Latest posts by Susan Silver (see all)
- Interview with Life Through a Mathematician’s Eyes - June 8, 2019
- 10 Personal Mathematical Myths Undermining My Self Confidence - May 30, 2019
- My Exciting Trips to London and the Solemn Knowledge I Earned - April 18, 2019
I get really steamed when people tell me that I must be good at math because I love it so. This is not the case. If you had talked to any of my previous math teachers they would tell you different. I was always the slowest person in class to understand new concepts.
I remember telling my mother that I passed AP Calculus. The first thing she said to me, “We must have taken home the wrong child from the hospital.” This is another myth about loving math. That I have some superior mathematical ability because of genetics. This is also not the case. I flunked mathematics in fourth grade. Much of my progress came from grit, determination, and the experience of pleasure.
What I want to talk about today is how being the worst at mathematics may make you the best student.
The Story of the Worst Horse
When I was a child, my parents did not censor the books I read or the films I watched. My mother was always attracted to New Age spirituality and would take me to the “Psychic Eye Bookshop” in San Diego. Through this shop I discovered Buddhism for the first time as a young girl (still a big influence.) Later, I studied Buddhism academically as a religious studies minor at UC Irvine.
Pema Chödrön, Buddhist nun and author, tells the story of the worst horse in her book The Wisdom of No Escape.
In one of the Buddha’s Discourses, he talks about the four kinds of horses; the excellent horse, the good horse, the poor horse, and the really bad horse. The excellent horse, according to the sutra, moves before the whip even touches its back; just the shadow of the whip or the slightest sound from the driver is enough to make the horse move. The good horse runs at the lightest touch of the whip on its back. The poor horse doesn’t go until it feels pain, and the very bad horse doesn’t budge until the pain penetrates the marrow of its bones.
I like Chödrön’s interpretation of the story. The key thing is that it doesn’t matter which horse you are. It’s about discovering your true nature and working with that. She says, “Whatever our quality is, that’s our wealth and our beauty; that’s what other people respond to.” Even if you are the worst at mathematics in your class, you can launch yourself forward by working with your own personal goodness.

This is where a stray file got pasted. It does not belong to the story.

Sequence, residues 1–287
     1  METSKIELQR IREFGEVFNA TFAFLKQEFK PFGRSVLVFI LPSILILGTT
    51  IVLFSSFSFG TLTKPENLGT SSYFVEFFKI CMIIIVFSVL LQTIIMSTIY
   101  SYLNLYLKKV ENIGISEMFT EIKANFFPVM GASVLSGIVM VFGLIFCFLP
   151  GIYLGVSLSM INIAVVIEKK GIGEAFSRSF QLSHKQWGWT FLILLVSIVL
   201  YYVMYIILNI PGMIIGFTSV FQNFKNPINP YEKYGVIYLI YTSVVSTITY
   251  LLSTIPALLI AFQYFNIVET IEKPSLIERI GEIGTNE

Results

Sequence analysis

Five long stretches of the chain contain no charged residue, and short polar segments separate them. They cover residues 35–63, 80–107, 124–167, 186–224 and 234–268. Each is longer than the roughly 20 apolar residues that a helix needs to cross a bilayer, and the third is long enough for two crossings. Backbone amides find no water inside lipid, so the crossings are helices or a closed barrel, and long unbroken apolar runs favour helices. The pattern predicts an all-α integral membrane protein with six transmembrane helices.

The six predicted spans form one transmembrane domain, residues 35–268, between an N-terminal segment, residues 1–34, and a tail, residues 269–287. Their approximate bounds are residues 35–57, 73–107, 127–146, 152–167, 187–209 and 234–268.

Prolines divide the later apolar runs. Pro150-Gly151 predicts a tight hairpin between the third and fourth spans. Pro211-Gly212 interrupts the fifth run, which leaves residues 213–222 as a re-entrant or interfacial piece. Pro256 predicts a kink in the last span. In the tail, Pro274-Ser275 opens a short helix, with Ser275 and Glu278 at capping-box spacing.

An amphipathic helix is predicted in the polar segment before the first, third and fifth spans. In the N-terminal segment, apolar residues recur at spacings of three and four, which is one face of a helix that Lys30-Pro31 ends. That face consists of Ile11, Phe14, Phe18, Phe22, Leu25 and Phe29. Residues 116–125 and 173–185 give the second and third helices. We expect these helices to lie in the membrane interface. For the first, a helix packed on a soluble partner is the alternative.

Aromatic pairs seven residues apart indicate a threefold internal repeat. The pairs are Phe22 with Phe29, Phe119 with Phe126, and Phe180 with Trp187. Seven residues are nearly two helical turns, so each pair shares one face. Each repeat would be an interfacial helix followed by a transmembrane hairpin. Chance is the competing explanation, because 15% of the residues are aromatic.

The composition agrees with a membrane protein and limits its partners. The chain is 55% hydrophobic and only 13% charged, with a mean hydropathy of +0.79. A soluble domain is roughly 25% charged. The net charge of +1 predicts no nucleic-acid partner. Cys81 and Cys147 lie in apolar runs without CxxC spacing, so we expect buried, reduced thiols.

Start Where You Are
I can speak as someone who has had the experience of being the very bad horse. When I flunked fourth grade math, it wasn’t clear that I would ever learn mathematics. At this stage, I had more in common with my family than at any other time of my life. But, I saw what was good within myself.
I was a writer. I was able to transform my math problems into sentences that I could understand by switching letters for numbers. It didn’t seem likely to work, converting the numbers to letters, but I was able to see clearly for the first time. From that point, my love of math only grew even though my skill was still behind most of my peers.
One of the reasons why I love math is because it is so challenging. Even little wins seem like epic enhancements of my mathematical imagination. Slowly, and surely, I’ve gained skill. But it never comes easily.
You’ve got to stop thinking of mathematics as ability, talent, genetics, or intelligence. Shift your thoughts. Sit with what makes you uncomfortable and understand it. Focus on bringing your own personal good qualities to your study no matter where you start at. You can use your internal feelings to transform the way you think about math.
Yesterday, I ran into a very good thread covering this topic from a scientist named Kelsey (@advsinchem). I was hearing them talk about the very same issues which bother me. Don’t assume that someone who has gone to graduate school hasn’t worked hard to get through their program. They aren’t necessarily smarter than you, they are just more specialized.